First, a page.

MILWAUKEE — Construction equipment manufacturers anticipate overall business in 2011 to finish with double-digit increases compared with 2010 in the United States, Canada and worldwide, according to the annual business outlook survey conducted by the Association of Equipment Manufacturers. The group expects growth to continue in 2012 but at a slower pace through 2014.

Respondents were asked to rank several factors affecting future business. The state of the general economy, including consumer confidence and credit availability, plus steel prices and the protracted slump in single-family housing starts, are significant negative factors influencing future sales, respondents said. A key positive factor cited was the continued strength in export demand. The lack of substantial action on highway funding was also cited as a concern.

For 2011, overall business is expected to grow 18.6 percent in the United States, year over year. Canadian business is forecast to jump 14.7 percent and for the rest of the world, also growth is expected at a 14.7-percent clip.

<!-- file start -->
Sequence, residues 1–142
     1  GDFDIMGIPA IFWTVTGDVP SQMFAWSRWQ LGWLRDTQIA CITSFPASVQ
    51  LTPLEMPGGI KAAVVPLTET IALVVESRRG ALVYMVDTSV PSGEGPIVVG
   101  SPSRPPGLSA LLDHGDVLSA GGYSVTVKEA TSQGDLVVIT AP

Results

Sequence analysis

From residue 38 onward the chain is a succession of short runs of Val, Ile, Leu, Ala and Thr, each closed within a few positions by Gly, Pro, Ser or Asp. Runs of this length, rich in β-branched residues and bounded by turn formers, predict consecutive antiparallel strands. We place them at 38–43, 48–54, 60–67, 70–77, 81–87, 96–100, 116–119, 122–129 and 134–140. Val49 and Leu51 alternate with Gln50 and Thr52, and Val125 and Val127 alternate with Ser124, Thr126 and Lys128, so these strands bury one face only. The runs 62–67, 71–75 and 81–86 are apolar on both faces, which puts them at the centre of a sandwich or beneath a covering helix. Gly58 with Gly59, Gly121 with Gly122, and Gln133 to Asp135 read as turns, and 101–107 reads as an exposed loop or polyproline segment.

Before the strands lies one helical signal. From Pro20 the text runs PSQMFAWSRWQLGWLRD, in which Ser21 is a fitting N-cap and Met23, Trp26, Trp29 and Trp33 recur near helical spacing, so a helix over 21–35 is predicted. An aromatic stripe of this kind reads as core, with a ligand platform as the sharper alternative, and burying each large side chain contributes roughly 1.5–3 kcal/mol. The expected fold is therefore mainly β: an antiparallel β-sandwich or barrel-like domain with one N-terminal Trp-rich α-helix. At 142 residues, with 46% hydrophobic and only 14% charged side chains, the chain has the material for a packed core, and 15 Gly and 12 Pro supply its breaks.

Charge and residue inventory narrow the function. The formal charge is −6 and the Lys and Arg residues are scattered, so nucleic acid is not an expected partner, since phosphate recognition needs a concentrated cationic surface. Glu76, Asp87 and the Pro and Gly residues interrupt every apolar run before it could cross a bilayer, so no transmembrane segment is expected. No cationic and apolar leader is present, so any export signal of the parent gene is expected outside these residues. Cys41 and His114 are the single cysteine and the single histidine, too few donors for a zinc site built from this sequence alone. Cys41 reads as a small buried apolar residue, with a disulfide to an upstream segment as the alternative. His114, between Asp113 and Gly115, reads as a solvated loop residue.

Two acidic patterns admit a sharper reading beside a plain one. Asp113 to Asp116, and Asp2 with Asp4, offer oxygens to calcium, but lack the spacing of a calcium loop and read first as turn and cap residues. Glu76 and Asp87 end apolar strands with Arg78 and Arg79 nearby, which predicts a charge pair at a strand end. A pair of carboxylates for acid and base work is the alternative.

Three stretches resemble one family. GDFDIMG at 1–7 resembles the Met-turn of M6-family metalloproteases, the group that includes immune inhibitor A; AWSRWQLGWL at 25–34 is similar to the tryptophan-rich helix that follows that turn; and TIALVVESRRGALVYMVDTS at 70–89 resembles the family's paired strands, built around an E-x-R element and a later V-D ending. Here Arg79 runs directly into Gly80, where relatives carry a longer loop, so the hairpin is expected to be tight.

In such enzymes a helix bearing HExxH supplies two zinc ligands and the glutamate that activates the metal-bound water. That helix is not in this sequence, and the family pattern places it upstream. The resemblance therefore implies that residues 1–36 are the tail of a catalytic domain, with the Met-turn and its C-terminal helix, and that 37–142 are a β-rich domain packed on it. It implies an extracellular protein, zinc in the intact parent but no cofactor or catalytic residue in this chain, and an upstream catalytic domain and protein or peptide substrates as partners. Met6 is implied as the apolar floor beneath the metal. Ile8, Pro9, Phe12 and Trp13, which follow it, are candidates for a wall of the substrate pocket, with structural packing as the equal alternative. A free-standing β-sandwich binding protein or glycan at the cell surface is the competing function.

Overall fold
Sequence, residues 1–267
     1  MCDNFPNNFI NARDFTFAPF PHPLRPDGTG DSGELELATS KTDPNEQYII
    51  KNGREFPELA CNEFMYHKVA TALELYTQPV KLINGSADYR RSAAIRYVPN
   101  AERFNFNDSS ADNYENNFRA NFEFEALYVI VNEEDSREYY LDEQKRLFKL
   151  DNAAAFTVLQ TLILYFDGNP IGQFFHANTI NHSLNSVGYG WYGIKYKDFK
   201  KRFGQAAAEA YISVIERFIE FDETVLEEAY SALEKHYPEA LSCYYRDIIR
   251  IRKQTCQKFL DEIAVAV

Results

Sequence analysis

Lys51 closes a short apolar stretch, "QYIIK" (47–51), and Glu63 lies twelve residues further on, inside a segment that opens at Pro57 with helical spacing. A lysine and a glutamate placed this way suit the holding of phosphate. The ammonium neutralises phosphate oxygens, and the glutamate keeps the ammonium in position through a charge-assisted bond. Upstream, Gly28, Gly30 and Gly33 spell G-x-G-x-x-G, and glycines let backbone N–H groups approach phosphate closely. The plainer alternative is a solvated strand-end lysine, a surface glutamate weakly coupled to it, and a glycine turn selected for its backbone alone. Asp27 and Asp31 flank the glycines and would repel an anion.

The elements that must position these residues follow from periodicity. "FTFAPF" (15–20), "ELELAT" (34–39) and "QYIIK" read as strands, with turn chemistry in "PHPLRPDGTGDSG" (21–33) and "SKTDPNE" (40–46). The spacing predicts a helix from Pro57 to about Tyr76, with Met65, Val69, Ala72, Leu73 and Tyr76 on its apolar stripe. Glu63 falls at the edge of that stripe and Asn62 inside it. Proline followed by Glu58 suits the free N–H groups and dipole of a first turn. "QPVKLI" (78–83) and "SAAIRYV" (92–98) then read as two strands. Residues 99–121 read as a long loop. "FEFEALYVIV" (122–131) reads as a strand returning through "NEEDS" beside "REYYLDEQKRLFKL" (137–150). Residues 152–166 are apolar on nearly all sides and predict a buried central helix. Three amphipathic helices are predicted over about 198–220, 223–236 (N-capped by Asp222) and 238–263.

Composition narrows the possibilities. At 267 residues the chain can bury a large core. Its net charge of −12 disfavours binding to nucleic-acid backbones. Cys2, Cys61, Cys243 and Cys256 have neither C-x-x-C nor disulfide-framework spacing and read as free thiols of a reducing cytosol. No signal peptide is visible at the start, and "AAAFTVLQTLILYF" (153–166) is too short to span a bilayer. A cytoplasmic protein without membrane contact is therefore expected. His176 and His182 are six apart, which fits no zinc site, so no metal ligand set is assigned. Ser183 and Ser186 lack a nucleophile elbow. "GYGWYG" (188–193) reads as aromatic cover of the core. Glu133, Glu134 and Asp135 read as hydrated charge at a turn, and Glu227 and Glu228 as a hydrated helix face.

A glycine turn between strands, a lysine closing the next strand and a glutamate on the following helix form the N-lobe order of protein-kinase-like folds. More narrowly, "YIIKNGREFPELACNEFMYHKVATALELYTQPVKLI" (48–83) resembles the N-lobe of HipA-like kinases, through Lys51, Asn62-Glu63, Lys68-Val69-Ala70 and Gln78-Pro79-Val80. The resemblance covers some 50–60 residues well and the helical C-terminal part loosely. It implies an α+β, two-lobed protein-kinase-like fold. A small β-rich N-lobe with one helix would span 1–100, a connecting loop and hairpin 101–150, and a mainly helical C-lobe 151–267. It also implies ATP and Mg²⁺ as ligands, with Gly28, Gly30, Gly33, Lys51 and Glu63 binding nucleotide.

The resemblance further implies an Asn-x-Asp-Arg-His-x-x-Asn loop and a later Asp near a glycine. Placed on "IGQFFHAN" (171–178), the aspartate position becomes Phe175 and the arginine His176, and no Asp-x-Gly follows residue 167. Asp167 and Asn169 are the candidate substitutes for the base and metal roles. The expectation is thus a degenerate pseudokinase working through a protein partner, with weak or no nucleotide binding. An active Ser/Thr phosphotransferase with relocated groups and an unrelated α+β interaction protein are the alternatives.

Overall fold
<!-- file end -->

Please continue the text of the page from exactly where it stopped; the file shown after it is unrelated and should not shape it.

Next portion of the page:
U.S. construction machinery business is predicted to jump 10.8 percent in 2012, 9.9 percent in 2013 and 8.1 percent in 2014. Canadian business is expected to increase 9 percent in 2012, 9.8 percent in 2013 and 7.3 percent in 2014. Industry business to the rest of the world is projected to jump 10.5 percent in 2012, 9.5 percent in 2013 and 8.2 percent in 2014.

“In 2011, construction equipment manufacturing kept improving from the depths of the recession as the economy stabilized,” said AEM president Dennis Slater. “Earlier this year, it looked like the economy was truly turning around, but we still have some uncertainty, in both U.S. and international markets, and this is hampering stronger, more sustainable growth. 2012 is an election year, which does not bode well for meaningful action in Washington; both sides are already in full ‘campaign mode’ it seems, and this presents a real danger of a stalling economy.”

Slater added that Congress needs to focus on manufacturing policies that create and maintain jobs, not unnecessary and excessive regulatory and tax policy burdens.